PORTUGAL - Economy
Former Minister of Economy, Portugal
The government used anti-austerity measures to unleash society’s existing growth potential by following responsible and moderate policies. The first major impact of this was to boost citizen and consumer confidence, which was also reflected in the confidence of investors. These generated an atmosphere of certainty and led to an acceleration of this growth, far above the EU average. Our investment grew by 13% in 2017, the biggest increase in 18 years, mostly in private investment, both Portuguese and FDI. Second, we instilled stability into the public accounts. With more growth, we have more revenue and reduced unemployment, which reduces the costs of unemployment benefits and social security. We also sent a clear message about fiscal stability in our three approved budgets: we have no need to drum up revenue by hiking taxes. We succeeded through better management and by harnessing the opportunities created by economic growth to reduce the debt burden, while maintaining fiscal stability. This reduction of the deficit—to 1.3% in 2017, well below our ambitious targets—works as a guarantee of our ability to retain this fiscal stability, as we will not have more urgent needs in the short or medium term.
We see technology as a key factor for the evolution of the country. In terms of innovation, we have launched three different programs. One of these was Startup Portugal, which streamlined fiscal rules and instruments of venture capital, matched funds to co-invest with foreign investors in technology firms and created a network of incubators. In terms of fintech, we see many start-ups going from strength to strength, with some firms already securing significant investment. The latest example was Finzay, a leading firm in cybersecurity that won an injection of EUR50 million. Another development is that fintech has allowed banks and financial organizations to reorganize their production and services all over the world. Certain large financial institutions are moving key departments, such as cybersecurity or application development, to Portugal. We see two forms of movement: new firms experiencing rapid growth and investors and incumbents eyeing the market with interest. The Web Summit, held in Lisbon, helped to considerably draw attention to the Portuguese ecosystem.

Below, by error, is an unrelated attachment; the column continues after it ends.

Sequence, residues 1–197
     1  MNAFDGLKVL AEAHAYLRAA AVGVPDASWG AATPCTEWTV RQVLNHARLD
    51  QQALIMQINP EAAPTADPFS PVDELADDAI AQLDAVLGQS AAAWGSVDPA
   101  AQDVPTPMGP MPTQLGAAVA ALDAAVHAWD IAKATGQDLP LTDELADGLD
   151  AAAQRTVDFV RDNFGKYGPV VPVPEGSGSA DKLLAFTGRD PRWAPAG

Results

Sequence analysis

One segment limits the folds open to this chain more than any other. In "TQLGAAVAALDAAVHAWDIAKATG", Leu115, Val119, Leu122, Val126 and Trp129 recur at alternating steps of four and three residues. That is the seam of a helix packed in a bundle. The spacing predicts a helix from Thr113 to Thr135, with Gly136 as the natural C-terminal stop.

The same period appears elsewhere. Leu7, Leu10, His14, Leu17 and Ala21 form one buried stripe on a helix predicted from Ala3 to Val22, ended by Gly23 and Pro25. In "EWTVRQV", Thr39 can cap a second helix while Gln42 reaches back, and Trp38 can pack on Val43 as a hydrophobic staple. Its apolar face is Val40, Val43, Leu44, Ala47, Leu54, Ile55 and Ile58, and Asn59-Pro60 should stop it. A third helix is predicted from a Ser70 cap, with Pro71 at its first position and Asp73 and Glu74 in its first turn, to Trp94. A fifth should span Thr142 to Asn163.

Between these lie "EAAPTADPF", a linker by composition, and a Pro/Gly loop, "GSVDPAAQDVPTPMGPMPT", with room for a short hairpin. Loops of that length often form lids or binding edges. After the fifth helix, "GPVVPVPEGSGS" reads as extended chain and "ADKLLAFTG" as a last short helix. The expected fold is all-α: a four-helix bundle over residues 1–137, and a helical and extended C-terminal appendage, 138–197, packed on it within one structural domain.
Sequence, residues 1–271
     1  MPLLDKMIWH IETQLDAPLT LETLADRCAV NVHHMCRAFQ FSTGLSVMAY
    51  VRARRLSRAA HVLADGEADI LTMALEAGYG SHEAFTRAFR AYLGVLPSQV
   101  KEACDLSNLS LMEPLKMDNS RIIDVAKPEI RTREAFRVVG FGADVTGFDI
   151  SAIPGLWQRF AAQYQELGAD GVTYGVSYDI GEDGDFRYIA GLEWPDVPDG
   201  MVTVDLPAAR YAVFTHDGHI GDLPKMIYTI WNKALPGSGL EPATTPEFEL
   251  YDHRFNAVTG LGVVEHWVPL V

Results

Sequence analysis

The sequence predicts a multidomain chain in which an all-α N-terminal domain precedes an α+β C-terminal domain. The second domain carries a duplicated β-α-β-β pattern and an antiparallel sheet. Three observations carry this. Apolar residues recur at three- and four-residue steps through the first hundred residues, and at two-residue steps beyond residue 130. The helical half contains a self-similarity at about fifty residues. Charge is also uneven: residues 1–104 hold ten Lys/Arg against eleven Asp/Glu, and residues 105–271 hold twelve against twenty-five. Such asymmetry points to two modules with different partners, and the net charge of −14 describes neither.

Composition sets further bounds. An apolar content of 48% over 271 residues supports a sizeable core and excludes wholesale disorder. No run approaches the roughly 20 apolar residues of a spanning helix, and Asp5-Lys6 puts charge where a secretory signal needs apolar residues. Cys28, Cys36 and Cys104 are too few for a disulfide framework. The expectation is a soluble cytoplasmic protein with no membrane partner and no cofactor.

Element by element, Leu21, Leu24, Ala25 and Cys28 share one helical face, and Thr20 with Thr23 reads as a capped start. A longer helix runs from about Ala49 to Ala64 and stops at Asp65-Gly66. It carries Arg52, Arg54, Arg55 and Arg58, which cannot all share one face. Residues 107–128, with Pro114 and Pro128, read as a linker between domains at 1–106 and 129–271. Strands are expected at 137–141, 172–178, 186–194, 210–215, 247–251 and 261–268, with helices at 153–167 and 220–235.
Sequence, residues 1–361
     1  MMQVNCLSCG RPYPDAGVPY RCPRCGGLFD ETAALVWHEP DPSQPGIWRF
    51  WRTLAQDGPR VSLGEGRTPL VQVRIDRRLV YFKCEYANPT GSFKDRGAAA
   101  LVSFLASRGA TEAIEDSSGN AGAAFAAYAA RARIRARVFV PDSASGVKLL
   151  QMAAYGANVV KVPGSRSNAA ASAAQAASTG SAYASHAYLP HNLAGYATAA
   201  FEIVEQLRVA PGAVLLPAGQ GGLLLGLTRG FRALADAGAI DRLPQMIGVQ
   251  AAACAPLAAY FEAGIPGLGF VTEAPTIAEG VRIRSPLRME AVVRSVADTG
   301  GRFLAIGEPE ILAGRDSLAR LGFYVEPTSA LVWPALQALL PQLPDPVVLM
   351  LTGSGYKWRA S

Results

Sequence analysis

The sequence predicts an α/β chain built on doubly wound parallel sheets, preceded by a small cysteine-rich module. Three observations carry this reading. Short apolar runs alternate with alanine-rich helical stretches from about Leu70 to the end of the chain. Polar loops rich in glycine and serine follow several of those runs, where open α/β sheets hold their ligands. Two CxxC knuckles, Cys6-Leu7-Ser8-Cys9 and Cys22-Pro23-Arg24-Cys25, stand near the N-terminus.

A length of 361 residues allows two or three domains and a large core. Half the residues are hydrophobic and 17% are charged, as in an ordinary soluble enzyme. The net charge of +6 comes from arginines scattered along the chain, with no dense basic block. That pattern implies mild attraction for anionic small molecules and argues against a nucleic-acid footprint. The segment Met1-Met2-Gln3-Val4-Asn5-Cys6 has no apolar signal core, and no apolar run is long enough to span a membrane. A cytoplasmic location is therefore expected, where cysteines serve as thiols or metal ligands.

We see many businesses moving to Portugal in different areas. There are new investments in terms of industry, namely in machinery, aeronautics, and the automotive industry, coming mainly from France, Germany, India, China, and the US. We have several banks creating large pockets of jobs in shared services in Portugal; there are engineering companies that have built R&D centers and many software companies investing here and growing fast. This has translated into an almost 11.9% increase in our exports in 2017 and a strengthening of our industrial capability because of nearshoring. One of the main attractions of opening shop in Portugal is our robust and diverse talent pool. It is a great opportunity to find engineers, software developers, people who speak different languages, people from the finance sector, managers, and people with different competencies.
We have seen considerable diversification. This used to be more centered on traditional sectors such as footwear, textiles, and clothing, though we have since seen a shift toward the machinery, automobile, aeronautics, and pharmaceutical industries. Even traditional sectors have become more focused on high quality with flexible production: producing more value with less people. Parallel to this, there has been a significant increase in technological services. 10-15 years ago, there were half a dozen software firms exporting; however, today the market has blossomed.
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